The New York Observer, the sharp-tongued chronicler of New York City's power elite owned by Donald J. Trump's son-in-law, Jared Kushner, is ceasing its print edition, just shy of its 30th year as a weekly paper.
The issue printed this last Wednesday was the paper's last, Joseph Meyer, chairman and chief executive of Observer Media, the paper's parent company, said in an interview on Friday.
The decision will eliminate the use of New York in the paper's title — its website is Observer.com — and signals an end of an era when The Observer served as a fixture of Manhattan reporting and a training ground for scores of journalists now in senior positions in the media world.
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It also comes as newspaper coverage of New York City is being trimmed. The Wall Street Journal will publish its final Greater New York section on Saturday, a result of widespread cuts at the paper. The Daily News, whose staff has already shrunk, announced a new round of layoffs this week. The New York Times is rethinking its own Metro coverage as the paper seeks to lure global audiences.
Mr. Meyer, in the interview, said the decision to close The Observer's print edition was a natural outgrowth of the paper's shift toward a national audience and the decline in print advertising that has afflicted the industry.
Mr. Meyer, who is Mr. Kushner's brother-in-law, said the decision had been two years in the making and was not related to Mr. Trump's election this week. Mr. Kushner, who is aiding Mr. Trump's presidential transition, was not available to comment.
Now focused on real estate coverage and provocative opinion, The Observer's heyday came during the 15-year tenure of its former editor, Peter W. Kaplan, whose tutelage in detail-rich reporting and arch prose became a rite of passage for a generation of prominent newspaper and magazine journalists. Mr. Kaplan died in 2013.
The publication was founded in 1987 by the banker Arthur L. Carter. Its early editors included Graydon Carter, now the editor of Vanity Fair, and Susan Morrison, now the articles editor of The New Yorker.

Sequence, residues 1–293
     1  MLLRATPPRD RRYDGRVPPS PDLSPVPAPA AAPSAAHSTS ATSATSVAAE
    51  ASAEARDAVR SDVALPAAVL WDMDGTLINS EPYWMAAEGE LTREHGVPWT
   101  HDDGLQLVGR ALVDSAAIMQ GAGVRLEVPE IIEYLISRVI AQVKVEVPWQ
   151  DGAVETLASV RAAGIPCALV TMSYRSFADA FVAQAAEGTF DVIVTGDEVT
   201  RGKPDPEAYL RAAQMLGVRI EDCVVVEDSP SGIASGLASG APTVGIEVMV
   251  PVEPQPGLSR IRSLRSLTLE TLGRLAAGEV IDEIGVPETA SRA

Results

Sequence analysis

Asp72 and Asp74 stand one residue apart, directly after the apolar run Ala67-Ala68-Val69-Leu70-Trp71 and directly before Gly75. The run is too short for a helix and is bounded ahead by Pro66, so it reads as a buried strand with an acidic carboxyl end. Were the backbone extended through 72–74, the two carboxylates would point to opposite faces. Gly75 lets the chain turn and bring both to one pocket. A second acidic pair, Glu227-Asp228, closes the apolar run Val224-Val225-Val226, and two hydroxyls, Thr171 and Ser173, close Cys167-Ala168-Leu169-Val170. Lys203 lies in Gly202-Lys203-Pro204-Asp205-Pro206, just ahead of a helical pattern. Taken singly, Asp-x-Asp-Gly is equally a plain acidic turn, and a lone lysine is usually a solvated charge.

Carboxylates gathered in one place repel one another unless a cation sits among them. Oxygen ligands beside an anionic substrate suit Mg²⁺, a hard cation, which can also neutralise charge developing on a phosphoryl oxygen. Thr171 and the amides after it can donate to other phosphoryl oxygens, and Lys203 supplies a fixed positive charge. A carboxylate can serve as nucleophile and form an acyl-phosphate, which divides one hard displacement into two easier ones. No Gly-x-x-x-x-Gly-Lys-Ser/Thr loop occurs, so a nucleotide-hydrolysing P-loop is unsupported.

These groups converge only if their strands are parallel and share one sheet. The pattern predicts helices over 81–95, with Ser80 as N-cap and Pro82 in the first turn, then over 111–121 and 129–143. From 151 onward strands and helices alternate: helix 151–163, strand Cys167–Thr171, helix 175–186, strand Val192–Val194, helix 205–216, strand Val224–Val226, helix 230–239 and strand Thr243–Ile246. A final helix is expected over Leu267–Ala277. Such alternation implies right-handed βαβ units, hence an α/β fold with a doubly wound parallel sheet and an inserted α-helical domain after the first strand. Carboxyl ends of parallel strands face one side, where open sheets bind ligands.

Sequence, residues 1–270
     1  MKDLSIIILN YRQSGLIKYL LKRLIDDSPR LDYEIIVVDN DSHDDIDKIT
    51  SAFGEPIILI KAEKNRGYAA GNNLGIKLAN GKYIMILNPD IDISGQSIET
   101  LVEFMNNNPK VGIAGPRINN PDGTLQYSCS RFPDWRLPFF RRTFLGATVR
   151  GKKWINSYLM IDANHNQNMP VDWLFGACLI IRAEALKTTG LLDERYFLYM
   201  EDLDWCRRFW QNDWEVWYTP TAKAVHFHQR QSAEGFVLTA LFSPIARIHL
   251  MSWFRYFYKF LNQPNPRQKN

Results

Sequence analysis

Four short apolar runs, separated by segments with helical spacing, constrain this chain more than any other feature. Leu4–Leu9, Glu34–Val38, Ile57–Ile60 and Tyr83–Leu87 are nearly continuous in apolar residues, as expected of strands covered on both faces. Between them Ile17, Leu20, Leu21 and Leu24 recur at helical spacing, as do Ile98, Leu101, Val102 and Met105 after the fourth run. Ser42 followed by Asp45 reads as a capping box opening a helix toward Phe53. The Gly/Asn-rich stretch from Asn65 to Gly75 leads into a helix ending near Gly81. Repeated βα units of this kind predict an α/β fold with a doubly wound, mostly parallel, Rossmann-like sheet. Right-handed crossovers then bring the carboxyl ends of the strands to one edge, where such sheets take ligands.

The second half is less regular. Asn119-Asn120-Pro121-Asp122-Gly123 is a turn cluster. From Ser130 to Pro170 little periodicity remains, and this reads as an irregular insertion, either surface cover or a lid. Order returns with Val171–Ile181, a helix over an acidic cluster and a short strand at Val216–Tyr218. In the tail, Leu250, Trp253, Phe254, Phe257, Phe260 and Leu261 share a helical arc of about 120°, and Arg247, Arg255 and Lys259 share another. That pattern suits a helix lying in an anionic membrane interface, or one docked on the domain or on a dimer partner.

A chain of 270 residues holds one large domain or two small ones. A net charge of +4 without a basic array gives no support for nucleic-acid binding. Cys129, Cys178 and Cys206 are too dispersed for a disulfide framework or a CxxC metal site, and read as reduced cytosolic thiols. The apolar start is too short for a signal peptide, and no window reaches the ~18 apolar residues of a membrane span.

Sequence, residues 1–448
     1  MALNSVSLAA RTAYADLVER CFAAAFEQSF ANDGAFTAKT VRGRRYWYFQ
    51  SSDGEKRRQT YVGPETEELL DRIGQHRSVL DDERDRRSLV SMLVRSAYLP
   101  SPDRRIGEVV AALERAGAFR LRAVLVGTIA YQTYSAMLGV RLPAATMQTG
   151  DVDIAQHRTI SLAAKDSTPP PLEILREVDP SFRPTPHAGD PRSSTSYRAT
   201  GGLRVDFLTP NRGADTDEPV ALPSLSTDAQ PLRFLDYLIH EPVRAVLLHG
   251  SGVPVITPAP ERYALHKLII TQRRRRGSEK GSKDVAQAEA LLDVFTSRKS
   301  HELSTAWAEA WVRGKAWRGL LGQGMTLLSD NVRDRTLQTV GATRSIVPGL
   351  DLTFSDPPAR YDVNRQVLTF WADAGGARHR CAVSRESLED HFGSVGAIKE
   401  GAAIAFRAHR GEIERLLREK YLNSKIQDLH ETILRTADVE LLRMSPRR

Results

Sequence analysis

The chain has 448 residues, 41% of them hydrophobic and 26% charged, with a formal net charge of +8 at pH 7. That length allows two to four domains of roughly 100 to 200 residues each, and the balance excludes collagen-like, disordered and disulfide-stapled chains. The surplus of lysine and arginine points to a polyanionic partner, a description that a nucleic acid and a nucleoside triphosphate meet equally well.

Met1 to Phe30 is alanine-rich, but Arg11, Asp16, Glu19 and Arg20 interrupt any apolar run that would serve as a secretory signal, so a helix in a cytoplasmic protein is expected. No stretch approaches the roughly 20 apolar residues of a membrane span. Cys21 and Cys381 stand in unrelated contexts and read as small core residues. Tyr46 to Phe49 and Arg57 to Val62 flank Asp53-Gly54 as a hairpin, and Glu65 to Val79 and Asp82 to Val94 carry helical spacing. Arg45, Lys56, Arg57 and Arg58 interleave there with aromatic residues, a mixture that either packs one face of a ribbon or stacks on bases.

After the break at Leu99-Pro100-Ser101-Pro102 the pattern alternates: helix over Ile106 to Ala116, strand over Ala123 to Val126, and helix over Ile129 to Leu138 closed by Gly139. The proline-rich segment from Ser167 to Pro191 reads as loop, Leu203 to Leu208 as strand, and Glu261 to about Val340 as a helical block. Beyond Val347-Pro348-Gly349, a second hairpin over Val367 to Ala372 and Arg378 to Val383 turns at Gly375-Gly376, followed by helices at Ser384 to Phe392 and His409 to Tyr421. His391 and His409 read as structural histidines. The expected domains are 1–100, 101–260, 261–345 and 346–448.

Under Mr. Kaplan, the newspaper originated the "Sex and the City" column by Candace Bushnell that later became a hit television series.
Mr. Meyer said the Observer's coverage of New York City politics and culture would continue, adding that the paper had open positions for new reporters and editors. Mr. Meyer said that no journalists would be laid off as part of the change to all digital.
But several freelance writers at the newspaper were dismissed on Friday, along with one of the paper's senior-most editors. Staff members said that several positions, vacated by layoffs or resignations, had remained unfilled.
Observer.com received 5.6 million unique visitors in September, nearly twice its audience from the year before, according to statistics from comScore. Mr. Meyer declined to disclose print circulation figures.
Mr. Kushner's purchase of The Observer in 2006, when he was 25, created tension between him and the paper's journalists, some of whom later accused Mr. Kushner of interfering in coverage.
But Ken Kurson, the Observer's current editor, wrote on his Facebook page on Friday that he welcomed the move to digital, citing a rise in online readership and advertising.
"This has been a week of incredible tumult, for our country, and now for this small business," Mr. Kurson, who is close to Mr. Kushner, wrote in a post. "Who knows what the future holds, for me or for the USA or for Observer."
"But I can tell you this much for sure," Mr. Kurson added. "Observer's future is brighter than it's ever been."